Passer domesticus). Its name is part of the famous Geordie tongue twister -"Thors a spuggie stuck in the sckeul spoot). They were a mightly pest on farms descending on standing and laid corn crops, and devouring newly sown grass seed. But Robert liked them in the end!
Of erl the bords tha flit aboot
Ah like the spuggies best;
They hev nee bonnie feathors,
They build an erful nest.
They fight alang the guttor’s edge
They make love i’ the street;
Thor voice is just a cross atween
A chirrup an’ a tweet.
They eat the seeds the gard’ner sows
They pinch the farmor’s corn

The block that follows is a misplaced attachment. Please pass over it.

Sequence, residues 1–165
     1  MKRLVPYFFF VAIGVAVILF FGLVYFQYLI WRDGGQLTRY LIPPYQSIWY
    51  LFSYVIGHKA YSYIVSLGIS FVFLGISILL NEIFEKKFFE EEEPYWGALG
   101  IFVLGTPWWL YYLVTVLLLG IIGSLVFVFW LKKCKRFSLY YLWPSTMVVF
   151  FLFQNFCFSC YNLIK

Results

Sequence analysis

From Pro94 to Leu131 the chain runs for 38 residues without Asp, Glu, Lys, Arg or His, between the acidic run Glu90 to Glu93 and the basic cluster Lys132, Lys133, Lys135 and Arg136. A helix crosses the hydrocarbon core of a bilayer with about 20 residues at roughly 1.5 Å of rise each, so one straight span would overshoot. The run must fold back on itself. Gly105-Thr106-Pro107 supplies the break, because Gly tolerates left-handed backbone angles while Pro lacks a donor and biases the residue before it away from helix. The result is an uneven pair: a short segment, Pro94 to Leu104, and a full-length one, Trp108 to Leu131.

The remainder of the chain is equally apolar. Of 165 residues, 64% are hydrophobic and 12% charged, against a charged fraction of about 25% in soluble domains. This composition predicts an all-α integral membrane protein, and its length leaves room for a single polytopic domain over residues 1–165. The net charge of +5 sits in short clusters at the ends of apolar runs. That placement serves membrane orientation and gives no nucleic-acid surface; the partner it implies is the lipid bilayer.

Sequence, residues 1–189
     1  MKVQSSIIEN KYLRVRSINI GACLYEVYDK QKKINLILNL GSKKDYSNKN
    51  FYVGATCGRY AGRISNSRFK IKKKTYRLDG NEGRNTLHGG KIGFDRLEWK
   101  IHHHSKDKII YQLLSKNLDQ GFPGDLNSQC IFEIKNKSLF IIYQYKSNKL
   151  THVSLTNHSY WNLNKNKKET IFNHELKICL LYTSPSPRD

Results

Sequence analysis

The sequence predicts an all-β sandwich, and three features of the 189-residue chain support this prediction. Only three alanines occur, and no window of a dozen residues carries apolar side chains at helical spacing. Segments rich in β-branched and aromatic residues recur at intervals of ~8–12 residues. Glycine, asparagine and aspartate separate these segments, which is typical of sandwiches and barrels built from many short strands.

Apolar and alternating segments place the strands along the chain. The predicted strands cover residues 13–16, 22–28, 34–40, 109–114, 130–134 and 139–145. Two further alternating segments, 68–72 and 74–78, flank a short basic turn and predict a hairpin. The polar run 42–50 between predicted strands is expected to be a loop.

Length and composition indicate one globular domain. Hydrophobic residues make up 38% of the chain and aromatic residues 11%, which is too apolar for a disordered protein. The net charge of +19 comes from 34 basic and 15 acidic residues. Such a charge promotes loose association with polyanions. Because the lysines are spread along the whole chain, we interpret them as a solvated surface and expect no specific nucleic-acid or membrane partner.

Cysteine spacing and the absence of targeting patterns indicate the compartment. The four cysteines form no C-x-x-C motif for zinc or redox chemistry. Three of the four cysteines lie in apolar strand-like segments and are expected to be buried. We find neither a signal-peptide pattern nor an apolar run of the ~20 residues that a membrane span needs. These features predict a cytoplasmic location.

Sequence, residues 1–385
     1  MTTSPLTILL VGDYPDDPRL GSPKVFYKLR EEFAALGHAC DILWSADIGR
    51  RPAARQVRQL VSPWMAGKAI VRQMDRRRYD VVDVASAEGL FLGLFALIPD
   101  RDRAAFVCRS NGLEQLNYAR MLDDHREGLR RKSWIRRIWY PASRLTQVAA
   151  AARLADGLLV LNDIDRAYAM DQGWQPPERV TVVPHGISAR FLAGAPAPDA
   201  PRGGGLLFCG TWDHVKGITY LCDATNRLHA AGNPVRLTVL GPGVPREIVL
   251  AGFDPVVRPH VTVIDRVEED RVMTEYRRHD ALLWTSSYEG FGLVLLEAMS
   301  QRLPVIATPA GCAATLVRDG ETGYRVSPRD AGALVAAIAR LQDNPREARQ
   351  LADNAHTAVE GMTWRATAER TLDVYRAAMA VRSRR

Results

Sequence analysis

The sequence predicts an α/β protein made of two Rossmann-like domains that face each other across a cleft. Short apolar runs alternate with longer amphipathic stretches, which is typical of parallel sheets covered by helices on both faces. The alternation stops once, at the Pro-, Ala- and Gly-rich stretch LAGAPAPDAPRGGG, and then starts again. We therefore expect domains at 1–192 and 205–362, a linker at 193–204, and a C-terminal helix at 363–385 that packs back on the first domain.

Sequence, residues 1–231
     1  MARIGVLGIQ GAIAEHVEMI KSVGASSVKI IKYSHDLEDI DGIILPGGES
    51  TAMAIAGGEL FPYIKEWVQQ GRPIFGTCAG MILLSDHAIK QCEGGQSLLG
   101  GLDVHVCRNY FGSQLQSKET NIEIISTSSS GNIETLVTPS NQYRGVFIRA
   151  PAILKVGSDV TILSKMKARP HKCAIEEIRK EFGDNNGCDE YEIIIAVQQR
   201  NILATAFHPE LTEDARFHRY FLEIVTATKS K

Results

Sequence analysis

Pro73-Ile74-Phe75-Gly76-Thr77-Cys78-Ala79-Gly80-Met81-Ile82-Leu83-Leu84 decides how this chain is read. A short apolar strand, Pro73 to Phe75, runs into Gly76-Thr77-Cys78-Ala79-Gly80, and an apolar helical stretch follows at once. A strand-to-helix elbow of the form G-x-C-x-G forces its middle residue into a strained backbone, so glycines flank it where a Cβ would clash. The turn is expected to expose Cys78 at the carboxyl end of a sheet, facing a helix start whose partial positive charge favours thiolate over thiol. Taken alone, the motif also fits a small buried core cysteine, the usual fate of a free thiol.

Th’ore chatterbox an’ scattorbrain
The varry day th’ore born.
Below that cheeky little face,
Ahint them beady eyes,
Ye’d sweor they wore the Divil’s sons
I’ feathery disguise.
Thore’s now o’ praise for erl yon clan.
That Ah can put i’ words;
But – please forgi’e them if ye can, -
Th’ore canny little bords!
From “Canny Bit of Verse”, 1994. ISBN 0-9524649-0-X Published by the author.
Robert Allen's farming and historical poems have been sourced from the Northumberland Language Society. Please contact the NLS as a source (www.northumbriana.org.uk/langsoc/) of more of these brilliant works, and for recordings. The copyright is held by Nigel and Georgina Hall - for enquiries email them on firstname.lastname@example.org.